×

‘Keep us out of civil war’: Libya’s central bank

Libya's central bank has issued a rare warning to the country's warring factions to keep the institution out of the current conflict or risk triggering a renewed seizure of foreign assets.

"The Central Bank of Libya is asking everyone to understand the requirements of this phase, and to be aware of the privacy of the central bank, and not to pressure it", a statement posted on the bank's official website said.

A picture taken on July 28, 2014 shows smoke billowing from an oil depot where a huge blaze started following clashes around Tripoli airport, Libya.
Mahmud Turkia | AFP | Getty Images
A picture taken on July 28, 2014 shows smoke billowing from an oil depot where a huge blaze started following clashes around Tripoli airport, Libya.

On Monday most of Libya's leading ministries, institutions and state bodies were reported to have been taken over by armed militias representing a coalition of groups.

The takeover of Tripoli follows the mass resignation of country's interim government to pave way for the elected parliament, which has relocated to another city in Libya's east. Libyan Prime Minister Abdullah Al-Thinni, who had submitted his resignation only days ago, was tasked again on Monday to put together a cabinet.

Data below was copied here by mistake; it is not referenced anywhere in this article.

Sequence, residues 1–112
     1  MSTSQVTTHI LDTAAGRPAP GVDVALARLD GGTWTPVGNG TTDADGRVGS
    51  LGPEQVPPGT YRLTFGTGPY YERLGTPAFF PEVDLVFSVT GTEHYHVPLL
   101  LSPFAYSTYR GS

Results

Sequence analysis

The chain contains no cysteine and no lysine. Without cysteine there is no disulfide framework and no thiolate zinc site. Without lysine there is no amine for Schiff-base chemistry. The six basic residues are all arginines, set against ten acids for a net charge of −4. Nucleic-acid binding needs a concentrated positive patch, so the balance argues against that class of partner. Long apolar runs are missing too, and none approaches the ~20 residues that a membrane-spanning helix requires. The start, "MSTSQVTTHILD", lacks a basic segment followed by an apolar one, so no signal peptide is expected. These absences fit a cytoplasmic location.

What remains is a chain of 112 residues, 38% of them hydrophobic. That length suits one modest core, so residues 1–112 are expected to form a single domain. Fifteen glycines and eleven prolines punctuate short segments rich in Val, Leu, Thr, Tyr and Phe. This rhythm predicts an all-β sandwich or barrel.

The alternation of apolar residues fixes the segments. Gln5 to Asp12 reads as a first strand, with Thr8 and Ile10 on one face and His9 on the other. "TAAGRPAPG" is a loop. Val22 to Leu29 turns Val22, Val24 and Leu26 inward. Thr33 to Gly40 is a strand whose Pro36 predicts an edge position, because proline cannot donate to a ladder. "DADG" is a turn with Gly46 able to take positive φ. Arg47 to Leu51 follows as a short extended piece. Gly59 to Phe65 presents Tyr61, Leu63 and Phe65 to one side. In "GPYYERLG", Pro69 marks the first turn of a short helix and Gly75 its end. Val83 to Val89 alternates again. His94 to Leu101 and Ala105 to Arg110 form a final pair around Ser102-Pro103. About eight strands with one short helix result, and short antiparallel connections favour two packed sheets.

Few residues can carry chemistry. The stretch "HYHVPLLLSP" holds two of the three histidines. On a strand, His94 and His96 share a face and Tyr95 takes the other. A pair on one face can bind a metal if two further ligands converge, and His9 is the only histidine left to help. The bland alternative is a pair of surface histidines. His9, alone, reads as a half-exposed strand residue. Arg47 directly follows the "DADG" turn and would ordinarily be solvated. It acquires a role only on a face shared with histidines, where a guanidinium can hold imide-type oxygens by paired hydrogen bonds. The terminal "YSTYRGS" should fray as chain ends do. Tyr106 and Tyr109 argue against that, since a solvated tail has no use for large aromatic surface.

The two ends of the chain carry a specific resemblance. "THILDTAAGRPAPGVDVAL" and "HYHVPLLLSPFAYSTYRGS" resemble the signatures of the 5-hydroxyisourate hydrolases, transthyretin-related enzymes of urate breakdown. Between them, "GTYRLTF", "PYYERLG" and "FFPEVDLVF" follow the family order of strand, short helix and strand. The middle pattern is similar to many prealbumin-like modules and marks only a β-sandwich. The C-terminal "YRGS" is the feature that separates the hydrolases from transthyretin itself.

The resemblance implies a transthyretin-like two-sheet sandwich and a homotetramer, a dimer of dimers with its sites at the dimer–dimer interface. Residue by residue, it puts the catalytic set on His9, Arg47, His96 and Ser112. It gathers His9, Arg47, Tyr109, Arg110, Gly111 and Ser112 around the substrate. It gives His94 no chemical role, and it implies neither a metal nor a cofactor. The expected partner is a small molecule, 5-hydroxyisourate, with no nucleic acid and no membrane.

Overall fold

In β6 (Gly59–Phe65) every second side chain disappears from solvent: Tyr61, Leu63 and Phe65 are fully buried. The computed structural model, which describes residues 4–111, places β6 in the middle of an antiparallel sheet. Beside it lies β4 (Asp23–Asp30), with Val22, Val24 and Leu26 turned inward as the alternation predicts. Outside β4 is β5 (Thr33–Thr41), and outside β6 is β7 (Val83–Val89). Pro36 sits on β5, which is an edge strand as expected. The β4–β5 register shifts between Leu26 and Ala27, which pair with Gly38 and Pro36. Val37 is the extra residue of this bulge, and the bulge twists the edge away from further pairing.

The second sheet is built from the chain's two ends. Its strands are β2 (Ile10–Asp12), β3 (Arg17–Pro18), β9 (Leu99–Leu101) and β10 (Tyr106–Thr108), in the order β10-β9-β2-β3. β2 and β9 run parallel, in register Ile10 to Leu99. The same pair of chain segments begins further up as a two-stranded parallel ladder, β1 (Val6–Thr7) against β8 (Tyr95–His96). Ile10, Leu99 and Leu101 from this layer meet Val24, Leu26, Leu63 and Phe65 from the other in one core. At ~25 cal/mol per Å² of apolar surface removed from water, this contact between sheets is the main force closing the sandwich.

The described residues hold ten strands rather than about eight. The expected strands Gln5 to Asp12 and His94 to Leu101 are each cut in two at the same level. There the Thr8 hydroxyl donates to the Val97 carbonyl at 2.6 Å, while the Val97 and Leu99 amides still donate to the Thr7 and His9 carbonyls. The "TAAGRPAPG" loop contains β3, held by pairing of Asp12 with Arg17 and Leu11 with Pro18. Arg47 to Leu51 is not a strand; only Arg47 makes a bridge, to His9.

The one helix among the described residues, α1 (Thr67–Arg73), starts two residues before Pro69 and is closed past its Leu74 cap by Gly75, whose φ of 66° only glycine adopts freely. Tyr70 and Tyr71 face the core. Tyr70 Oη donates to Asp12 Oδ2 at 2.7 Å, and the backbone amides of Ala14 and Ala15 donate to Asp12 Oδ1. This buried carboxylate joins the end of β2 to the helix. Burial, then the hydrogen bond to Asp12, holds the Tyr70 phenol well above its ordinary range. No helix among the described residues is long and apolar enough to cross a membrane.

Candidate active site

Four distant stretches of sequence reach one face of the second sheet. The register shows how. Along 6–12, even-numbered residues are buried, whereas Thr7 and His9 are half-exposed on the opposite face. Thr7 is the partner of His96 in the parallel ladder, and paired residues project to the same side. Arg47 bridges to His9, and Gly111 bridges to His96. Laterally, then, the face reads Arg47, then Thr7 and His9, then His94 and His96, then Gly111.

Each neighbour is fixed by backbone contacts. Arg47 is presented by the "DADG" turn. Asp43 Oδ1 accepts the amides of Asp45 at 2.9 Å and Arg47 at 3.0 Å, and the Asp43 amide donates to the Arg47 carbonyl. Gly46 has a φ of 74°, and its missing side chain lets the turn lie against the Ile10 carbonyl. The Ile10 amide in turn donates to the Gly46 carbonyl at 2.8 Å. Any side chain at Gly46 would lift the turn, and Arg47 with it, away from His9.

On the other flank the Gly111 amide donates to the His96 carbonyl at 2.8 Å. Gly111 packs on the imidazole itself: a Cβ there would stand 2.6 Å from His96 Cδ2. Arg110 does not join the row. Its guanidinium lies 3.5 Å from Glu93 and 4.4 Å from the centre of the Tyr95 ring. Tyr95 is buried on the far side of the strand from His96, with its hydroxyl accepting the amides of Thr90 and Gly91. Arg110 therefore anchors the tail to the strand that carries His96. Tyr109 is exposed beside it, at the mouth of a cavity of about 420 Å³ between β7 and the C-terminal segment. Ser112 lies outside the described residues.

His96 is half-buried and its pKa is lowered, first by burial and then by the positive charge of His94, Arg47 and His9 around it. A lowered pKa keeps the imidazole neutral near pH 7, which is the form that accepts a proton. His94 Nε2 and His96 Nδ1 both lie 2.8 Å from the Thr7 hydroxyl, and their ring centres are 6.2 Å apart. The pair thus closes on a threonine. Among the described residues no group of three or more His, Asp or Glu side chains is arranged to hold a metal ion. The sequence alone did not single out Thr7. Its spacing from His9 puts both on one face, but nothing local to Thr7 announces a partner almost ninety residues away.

The latest developments, and the establishment of two rival centers of government , have raised concerns about who was running the central bank.

Read MoreOil hits 3-week troughs as Libya declares end to oil crisis

The bank warned about the possible consequences of "continued pressure". International actors, it said, would be justified to freeze its assets abroad.

It would not be the first time Libya's foreign holdings had been seized. After the fall of Muammar Gaddafi in 2011, the OPEC member's sovereign assets were frozen -- in some cases for years -- and a complicated legal process ensued with individual countries to release them. According to Reuters, the latest June data showed Libya held around $109 billion in foreign cash reserves and equity stakes abroad.

The central bank's statement went on to compare its role to the Lebanese monetary authority, which represented a "red line to all fighting parties for many years" throughout the country's civil war.

Despite the turmoil, Libya's oil production has risen to 700,000 barrels per day, the highest level since June 2013, according to the state-run National Oil Corp (NOC)

Follow us on Twitter: @CNBCWorld